Perfluoroalkyl surfactants are the key ingredients in aqueous film forming foams (AFFF) which are used by the Department of Defense (DoD) and others to fight hydrocarbon (Class B) pool fires. Perfluoroalkyl surfactants work extremely well for this application, however there are growing concerns about these materials because they are highly persistent in the environment and may be toxic to plants and animals or increase their risk to certain diseases. The objective of this project was to explore hydrolysis-resistant siloxane surfactants as replacements of perfluoroalkyl surfactants found in current AFFF concentrates used in fire-fighting by the DoD. The new, stable siloxane surfactants produced in this research will contain only the elements carbon, silicon, hydrogen and oxygen. Foams containing the new surfactants will extinguish small-scale, unleaded gasoline pool fire in 45 seconds or less as dictated by MIL-F-24385F.

Technical Approach

In previous work, it was discovered that the inexpensive 3- aminopropylmethylbis(trimethylsiloxy)silane can be converted into surfactants with a positive spreading coefficient on cyclohexane. However, these surfactants could not extinguish a heptane pool fire themselves but could extinguish such fires in synergistic mixtures with other hydrocarbon surfactants such as alkyl polyglucosides. There were obvious stability issues with these simple siloxane surfactants, with apparent hydrolysis or other chemical changes occurring at the siloxane head group. This chemical reactivity was most likely the result of the water-labile trimethylsiloxy groups of the siloxane head. The hydrolysis of the siloxane would probably be enhanced when applied on pool fires and the thermal stress they cause. Therefore, the project team will synthesize new siloxane surfactants with hydrolysis-resistance by adding methyl groups to the terminal silicon atoms. Thus, surfactants with trisiloxane head groups terminating in bis(ethyldimethylsiloxy), bis(isopropyldimethylsiloxy) and bis(tert-butyldimethylsiloxy) will be synthesized. The project team will quantify the effects of changes to the surfactant chemical structures on surfactant/fuel diffusion at fuel-aqueous interface, micelle diffusion, and bubble coalescence rate at foam-fuel interface, in addition to the foam dynamics and fire extinction for heptane and gasoline fuels at bench-scale. For leading surfactant candidates, the project team will scale-up synthesis to generate 200 mL of surfactant and conduct 28 ft2 MilSpec gasoline pool fire testing.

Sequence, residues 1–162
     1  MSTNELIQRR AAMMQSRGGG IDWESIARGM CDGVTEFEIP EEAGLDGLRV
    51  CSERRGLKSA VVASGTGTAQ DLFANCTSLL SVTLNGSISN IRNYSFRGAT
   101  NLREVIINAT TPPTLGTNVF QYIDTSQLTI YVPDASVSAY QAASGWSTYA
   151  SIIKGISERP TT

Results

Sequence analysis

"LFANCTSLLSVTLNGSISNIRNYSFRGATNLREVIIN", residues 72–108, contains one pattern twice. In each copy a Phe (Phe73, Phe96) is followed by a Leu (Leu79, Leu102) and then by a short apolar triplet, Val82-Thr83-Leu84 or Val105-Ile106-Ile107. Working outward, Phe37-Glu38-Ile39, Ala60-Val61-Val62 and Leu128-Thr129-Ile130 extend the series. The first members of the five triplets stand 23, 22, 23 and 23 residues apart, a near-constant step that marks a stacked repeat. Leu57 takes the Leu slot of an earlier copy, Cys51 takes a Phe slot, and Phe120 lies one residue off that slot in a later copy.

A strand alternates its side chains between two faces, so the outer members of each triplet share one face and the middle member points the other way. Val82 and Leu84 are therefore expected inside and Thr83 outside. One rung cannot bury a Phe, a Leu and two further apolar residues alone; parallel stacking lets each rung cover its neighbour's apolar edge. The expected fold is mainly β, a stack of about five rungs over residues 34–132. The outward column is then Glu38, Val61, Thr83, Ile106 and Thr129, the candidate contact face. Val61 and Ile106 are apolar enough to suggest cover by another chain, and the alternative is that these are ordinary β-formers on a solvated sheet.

New siloxane surfactants were synthesized by a four-step route starting from an inexpensive, commercially available silane and silanol reagents. The new siloxanes had tert-butyldimethylsilyl rather than trimethylsilyl groups as the terminus. For water solubility of the new siloxanes, it was critical to incorporate the proper number of aldonic acid substituents. The fire extinguishment results showed that the experimental mixture containing the hydrolysis-resistant surfactant required 61 seconds, or four times longer application time to reach 100% extinction versus military specification AFFF solution which required only 11 seconds. It was also shown that the hydrolysis-resistant surfactant was a vital component in the experimental mixture because in its absence the mixture of glucopon 225DK and diethylene glycol monobutyl ether was unable to extinguish the fire. Remarkably, the siloxane surfactant mixture composed of 2062–139 was able to extinguish the fire in 11 seconds just like the AFFF solution, albeit at a slightly higher application rate.


This new technology could help the DoD eliminate perfluoroalkyl surfactants from AFFF concentrates since these compounds appear to be persistent in the environment. Eliminating perfluoroalkyl surfactant use could also mitigate future legal issues since it is not clear what their biological effects really are. Using hydrolysis-resistant siloxane surfactants, it may be possible to extinguish fires with smaller quantities of chemicals than previous AFFF formulations. (Project Completion - 2022)